Motusa answers questions about money owed to Pima Prevention
Department of Health is working to identify the validity of about $113,000 of the more than $200,000 of an outstanding debt that the Health Department is alleged to owe to Nevada-based Pima Prevention Partnership (PPP), which provided service to DOH during the previous administration, says Health director Motusa Tuileama Nua, during his Senate confirmation hearing yesterday.
The Senate in a unanimous 16-0 vote later endorsed Motusa, who was confirmed last week by the House.
Samoa News reported Monday that DOH has an outstanding balance of $247,124 owed to PIMA for a variety of services provided in 2012- 2013. The company also threatened to have the matter investigated by the US Department of Health and Human Services Office of Inspector General. (See Samoa News edition Feb. 13 for details.)
During his Senate confirmation hearing yesterday, Sen. Tuaolo Manaia Fruean noted the newspaper report about PIMA, which owes money by DOH. Tuaolo sought an explanation as well as the work that PIMA was involved in doing.
Motusa said the “short answer” is there were individuals from PIMA, which is a partnership program, who wrote grants for the government, including DOH, but PIMA’s work was during the previous administration.
He says DOH, during his tenure as director, has questioned some of the invoices or documents. He claims that people working at the time on the program didn’t abide with conditions of the contracts — but he didn’t elaborate further.
Motusa said DOH and the Attorney General’s Office have conducted a thorough review of PIMA bills to find which amounts are to be paid.
Asked by Tuaolo as to the funding source to pay these outstanding debts, Motusa didn’t provide a direct reply, but he did explain that PIMA’s total claim was $247,000 and DOH conducted negotiations before the matter was sent to the Attorney General’s Office, which recommended that only $134,000 is owed and is to be paid.
And the difference — of $113,000 — “is not accounted for”, which means it’s “unallowable” or “unauthorized” in accordance with the contract with PIMA, said Motusa, who noted that DOH is still reviewing this issue in an effort to clear the debt, and then get the governor’s opinion of the DOH’s findings.
Motusa stressed that this debt happened in the previous administration, before he came to American Samoa and served as a director.
Samoa News reported Monday that the Attorney General had issued a memo to Motusa back in 2014, acknowledging he had reviewed various contracts between DOH and PPP. The AG pointed out that he also considered an analysis prepared by his staff and based on this information “it is my strong recommendation” that DOH should authorize PIMA to negotiate settlement of the outstanding invoices.
Pressed by Sen. Paepae Iosefa Faiai, as to what PIMA was supposed to do for DOH, to which Motusa explained that PIMA first came to ASG working at the Governor’s Office and upon completion of that work, PIMA then moved on to the Department of Human and Social Services; and when the DHSS work was completed, the PIMA group then went to DOH, where they wrote the grant for the federal “Home Visit Program”, resulting in $1 million in grant funding.
Motusa said PIMA also worked on preparing the non-communicable disease plan for American Samoa. However, he said the previous leadership at DOH left without paying what is owed to PIMA, which is working with DOH to address the outstanding debt.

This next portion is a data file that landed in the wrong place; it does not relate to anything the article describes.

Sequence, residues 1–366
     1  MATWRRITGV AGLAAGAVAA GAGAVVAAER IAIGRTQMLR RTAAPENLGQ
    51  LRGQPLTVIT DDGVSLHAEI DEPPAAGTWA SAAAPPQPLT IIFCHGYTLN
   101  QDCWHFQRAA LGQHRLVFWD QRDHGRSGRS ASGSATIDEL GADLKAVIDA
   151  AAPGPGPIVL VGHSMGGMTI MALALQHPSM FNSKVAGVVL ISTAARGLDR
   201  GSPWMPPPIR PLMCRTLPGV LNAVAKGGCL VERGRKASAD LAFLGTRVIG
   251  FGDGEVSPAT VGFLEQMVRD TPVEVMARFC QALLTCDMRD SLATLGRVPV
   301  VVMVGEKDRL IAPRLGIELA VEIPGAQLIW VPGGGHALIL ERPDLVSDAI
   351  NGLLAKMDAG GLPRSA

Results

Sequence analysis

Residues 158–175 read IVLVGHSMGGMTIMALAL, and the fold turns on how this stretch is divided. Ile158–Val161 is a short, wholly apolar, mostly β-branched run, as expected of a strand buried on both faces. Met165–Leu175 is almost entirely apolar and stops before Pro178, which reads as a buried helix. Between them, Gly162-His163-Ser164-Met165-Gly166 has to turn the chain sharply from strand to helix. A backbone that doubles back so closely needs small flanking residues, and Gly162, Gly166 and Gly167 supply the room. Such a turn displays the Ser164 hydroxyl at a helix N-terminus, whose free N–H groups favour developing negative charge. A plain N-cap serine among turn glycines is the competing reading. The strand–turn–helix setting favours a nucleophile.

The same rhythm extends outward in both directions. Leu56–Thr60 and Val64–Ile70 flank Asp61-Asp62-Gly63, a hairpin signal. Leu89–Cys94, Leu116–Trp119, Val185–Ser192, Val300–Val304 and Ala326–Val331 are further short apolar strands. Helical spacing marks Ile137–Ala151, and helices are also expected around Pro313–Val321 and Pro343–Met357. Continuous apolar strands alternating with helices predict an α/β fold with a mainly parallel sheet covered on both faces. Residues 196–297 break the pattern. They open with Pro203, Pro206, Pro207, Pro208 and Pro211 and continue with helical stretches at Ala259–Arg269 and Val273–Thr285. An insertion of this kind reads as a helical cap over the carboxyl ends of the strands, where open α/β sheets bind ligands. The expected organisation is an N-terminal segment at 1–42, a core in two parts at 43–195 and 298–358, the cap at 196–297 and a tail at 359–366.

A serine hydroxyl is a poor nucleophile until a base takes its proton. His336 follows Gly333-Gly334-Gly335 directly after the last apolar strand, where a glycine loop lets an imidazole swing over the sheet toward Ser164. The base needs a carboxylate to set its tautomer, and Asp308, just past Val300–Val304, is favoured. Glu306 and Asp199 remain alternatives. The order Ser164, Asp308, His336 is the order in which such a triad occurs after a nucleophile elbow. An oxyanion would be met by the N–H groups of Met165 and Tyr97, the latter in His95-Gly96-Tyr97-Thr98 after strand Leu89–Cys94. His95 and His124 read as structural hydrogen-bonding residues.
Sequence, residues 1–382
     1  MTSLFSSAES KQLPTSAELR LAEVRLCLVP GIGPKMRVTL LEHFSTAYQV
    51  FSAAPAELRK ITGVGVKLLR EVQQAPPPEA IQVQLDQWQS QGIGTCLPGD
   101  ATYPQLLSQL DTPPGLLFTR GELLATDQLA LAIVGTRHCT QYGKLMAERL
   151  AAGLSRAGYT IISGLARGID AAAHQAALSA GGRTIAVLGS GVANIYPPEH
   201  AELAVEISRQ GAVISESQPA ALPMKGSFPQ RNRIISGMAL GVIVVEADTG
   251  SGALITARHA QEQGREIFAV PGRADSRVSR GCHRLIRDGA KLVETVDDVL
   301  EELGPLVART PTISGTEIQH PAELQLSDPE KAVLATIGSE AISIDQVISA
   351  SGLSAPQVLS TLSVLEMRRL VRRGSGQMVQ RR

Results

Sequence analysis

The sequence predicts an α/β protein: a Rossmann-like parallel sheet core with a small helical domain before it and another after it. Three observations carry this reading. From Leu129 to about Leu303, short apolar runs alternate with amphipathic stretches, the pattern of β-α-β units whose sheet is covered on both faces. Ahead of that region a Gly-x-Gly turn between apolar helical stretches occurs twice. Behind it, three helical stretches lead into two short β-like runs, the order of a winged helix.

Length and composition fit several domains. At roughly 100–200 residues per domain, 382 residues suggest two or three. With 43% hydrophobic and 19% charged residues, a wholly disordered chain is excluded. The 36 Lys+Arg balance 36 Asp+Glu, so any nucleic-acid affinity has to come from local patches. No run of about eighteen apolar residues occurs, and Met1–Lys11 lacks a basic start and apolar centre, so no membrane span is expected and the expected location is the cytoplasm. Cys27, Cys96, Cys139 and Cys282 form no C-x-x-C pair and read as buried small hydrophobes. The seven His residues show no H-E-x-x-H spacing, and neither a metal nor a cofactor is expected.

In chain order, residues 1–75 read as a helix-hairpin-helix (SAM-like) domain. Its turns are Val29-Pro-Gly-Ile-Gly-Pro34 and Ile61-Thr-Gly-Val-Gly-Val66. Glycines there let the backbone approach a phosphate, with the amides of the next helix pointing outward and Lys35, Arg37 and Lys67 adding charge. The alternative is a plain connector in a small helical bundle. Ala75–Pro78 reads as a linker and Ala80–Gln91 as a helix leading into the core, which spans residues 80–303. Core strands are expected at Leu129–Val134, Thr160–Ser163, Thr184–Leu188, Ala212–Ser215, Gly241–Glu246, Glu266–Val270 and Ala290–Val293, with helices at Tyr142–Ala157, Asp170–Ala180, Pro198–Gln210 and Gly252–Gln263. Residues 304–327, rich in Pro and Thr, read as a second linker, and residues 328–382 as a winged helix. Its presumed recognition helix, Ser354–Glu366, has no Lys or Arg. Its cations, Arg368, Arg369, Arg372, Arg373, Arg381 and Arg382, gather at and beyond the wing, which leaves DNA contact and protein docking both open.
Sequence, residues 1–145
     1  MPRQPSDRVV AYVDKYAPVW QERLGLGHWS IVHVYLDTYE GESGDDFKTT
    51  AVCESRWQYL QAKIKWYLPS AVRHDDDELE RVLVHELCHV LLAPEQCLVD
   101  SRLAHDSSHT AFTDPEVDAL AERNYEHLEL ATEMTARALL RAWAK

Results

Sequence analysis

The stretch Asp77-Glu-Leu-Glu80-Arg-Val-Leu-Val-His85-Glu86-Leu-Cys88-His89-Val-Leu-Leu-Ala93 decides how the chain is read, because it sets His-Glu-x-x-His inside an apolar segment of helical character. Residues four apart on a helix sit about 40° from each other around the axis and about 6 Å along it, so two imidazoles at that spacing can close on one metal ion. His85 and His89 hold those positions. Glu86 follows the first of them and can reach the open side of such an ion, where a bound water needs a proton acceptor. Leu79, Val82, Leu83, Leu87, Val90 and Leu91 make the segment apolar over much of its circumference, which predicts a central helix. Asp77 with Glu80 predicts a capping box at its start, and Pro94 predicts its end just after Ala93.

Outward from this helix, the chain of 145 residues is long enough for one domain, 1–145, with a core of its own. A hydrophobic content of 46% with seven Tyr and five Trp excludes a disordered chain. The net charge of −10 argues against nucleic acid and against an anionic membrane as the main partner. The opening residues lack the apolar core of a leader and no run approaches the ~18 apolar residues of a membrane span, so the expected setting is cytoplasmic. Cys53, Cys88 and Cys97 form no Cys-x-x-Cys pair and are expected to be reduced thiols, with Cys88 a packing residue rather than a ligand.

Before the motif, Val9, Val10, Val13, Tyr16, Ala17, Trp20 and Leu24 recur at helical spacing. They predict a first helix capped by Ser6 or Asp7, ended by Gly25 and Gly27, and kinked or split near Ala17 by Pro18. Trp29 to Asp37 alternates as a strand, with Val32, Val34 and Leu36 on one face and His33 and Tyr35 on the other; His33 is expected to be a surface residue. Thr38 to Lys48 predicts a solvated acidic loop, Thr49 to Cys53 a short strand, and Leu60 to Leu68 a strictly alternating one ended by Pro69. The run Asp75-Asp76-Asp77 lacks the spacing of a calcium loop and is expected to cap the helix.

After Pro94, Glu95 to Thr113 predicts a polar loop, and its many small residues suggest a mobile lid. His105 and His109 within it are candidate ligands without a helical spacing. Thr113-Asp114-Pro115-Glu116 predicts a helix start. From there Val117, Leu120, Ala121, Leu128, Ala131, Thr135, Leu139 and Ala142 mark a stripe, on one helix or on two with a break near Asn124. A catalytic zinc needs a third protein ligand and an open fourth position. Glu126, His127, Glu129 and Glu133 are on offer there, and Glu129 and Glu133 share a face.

And if confirmed by the Fono, Motusa said this matter is a “priority” for him.
Sen. Nuanuaolefeagaiga Saolua T. Nua followed up with more questions about the PIMA issue, to which Motusa explained that PIMA provided receipts and other documents for its claim of $247,000. And the Attorney General and his office reviewed the documents and thereafter the AG provided a recommendation that the only amount for ASG to pay is $134,000 while the AG didn’t provide a recommendation on the balance of $113,000.
He says DOH is working to find out exactly the justification of the $113,000, which with supporting evidence is needed to be presented to the governor for his opinion on this debt.
Nuanuaolefeagaiga, who is also Motusa’s older brother, wanted examples of what is considered by Motusa as “not accounted for” when it comes to the $113,000.
Motusa revealed that a DOH review discovered that among the expenses submitted for DOH to pay are for hotel rooms, restaurants, rental cars and other expenditures.
(Samoa News notes that Motusa did not elaborate, i.e. who specifically incurred the expenditures, the DOH staff who worked on the programs with PIMA, or the PIMA staff, who were on island to work on the programs. Senators did not ask for clarification.)
He says it’s difficult to discuss this issue at this point in the event the matter ends up in court. But Nuanuaolefeagaiga pressed on asking more questions — asking if DOH staff that worked on these programs with PIMA were still employed with DOH.
Motusa said yes, adding that these individuals were at leadership posts in the previous administration when the PIMA work was conducted for DOH. He says these individuals are now working at other DOH divisions and he is working with them to get justification for the $113,000.
Asked how DOH is going to pay this debt, Motusa said there is no money budgeted in DOH’s fiscal year 2017 budget to pay PIMA and would consult with the federal grantor of the Home Visit Program to allow a certain percentage of the grant funding to help pay down the debt.
If that is unsuccessful, DOH will look at any unused funds from the first quarter of FY 2017 and then request the governor for money to pay this debt, said Motusa, who noted that ASG attorneys are also working with PIMA on the possibility of reducing the amount owed by DOH.